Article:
Implicit theories and motivational focus: Desired future versus present reality

A. Timur Sevincer, Lena Kluge, Gabriele Oettingen

Research output: Contribution to journalArticlepeer-review


People's beliefs concerning their abilities differ. Incremental theorists believe their abilities (e.g., intelligence) are malleable; entity theorists believe their abilities are fixed (Dweck in Mindset: the new psychology of success. Random House, New York, 2007). On the basis that incremental theorists should emphasize improving their abilities for the future, whereas entity theorists should emphasize demonstrating their abilities in the present reality, we predicted that, when thinking about their wishes, compared to entity theorists, incremental theorists focus more toward the desired future than the present reality. We assessed participants' motivational focus using a paradigm that differentiated how much they chose to imagine the desired future versus the present reality regarding an important wish (Kappes et al. in Emotion 11: 1206-1222, 2011). We found the predicted effect by manipulating (Study 1) and measuring implicit theories (Study 2), in the academic (Study 1) and in the sport domain (Study 2).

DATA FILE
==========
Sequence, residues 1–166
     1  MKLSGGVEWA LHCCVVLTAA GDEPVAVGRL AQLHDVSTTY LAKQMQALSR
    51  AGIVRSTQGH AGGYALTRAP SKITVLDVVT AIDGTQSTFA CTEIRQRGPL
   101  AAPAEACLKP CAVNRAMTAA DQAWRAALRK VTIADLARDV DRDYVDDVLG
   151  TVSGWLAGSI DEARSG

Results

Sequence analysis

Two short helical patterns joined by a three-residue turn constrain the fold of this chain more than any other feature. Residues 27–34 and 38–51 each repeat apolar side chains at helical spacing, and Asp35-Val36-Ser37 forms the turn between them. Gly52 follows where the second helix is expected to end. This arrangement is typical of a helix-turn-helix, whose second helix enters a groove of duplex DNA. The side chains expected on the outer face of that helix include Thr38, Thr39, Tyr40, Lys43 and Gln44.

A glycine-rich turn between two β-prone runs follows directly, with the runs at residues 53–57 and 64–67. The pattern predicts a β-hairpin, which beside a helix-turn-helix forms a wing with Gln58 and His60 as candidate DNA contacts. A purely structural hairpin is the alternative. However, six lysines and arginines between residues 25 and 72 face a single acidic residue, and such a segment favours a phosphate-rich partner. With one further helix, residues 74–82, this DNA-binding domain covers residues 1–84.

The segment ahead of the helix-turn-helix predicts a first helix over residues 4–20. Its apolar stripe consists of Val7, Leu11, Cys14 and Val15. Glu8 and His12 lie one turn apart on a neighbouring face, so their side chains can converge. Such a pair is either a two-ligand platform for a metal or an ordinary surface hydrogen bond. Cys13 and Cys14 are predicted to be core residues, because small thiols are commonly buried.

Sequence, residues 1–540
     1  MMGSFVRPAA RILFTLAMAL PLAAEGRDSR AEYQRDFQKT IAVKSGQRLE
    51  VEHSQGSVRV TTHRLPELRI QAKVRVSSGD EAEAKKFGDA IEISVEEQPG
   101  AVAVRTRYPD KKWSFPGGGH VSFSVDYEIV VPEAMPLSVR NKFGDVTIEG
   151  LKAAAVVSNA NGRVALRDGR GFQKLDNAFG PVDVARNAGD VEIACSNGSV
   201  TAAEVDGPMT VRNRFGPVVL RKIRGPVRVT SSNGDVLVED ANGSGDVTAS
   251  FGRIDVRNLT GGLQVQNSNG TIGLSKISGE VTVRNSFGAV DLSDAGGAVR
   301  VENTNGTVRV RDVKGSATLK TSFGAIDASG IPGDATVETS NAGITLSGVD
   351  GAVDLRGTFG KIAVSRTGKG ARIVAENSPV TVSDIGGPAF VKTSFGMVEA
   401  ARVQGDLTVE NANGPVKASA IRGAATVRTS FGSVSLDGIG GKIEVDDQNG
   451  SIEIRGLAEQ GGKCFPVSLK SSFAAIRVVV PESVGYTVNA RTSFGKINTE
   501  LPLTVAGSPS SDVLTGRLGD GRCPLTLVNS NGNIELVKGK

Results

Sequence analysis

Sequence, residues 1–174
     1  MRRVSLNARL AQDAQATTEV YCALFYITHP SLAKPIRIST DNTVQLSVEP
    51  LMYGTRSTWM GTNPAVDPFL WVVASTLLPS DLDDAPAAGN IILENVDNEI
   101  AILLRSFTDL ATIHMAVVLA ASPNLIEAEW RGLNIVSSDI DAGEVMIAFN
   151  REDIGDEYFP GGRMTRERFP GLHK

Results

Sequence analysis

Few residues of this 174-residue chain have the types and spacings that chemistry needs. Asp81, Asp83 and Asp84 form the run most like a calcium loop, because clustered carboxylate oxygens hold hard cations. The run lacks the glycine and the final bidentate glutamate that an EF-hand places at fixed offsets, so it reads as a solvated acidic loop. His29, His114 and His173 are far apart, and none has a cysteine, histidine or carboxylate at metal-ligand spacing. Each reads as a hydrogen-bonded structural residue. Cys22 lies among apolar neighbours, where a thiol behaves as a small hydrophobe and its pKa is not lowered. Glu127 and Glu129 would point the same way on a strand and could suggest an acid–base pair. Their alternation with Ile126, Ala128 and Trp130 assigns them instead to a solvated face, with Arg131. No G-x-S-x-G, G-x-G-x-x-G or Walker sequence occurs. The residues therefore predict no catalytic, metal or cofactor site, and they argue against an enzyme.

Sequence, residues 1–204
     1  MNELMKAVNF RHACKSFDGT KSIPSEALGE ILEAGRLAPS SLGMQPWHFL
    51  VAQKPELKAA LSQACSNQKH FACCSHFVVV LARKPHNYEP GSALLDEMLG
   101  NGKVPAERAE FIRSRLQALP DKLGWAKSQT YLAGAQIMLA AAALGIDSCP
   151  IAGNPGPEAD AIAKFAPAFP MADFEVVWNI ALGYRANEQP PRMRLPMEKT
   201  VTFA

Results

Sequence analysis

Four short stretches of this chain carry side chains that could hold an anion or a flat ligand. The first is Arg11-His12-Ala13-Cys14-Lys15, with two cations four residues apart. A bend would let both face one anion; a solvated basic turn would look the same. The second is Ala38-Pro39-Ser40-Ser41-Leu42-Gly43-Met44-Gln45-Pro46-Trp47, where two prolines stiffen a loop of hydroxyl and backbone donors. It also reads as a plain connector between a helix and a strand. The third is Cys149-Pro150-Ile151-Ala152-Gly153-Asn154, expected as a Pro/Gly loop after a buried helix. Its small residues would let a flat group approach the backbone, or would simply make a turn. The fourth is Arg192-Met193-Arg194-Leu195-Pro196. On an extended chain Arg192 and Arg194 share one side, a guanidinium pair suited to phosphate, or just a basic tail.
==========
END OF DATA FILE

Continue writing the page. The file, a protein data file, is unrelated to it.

Original languageEnglish (US)
Pages (from-to)36-46
Number of pages11
JournalMotivation and Emotion
Issue number1
StatePublished - Feb 2014


  • Entity theory
  • Future
  • Incremental theory
  • Motivational focus
  • Reality
  • Self-regulatory thought

ASJC Scopus subject areas

  • Social Psychology
  • Experimental and Cognitive Psychology


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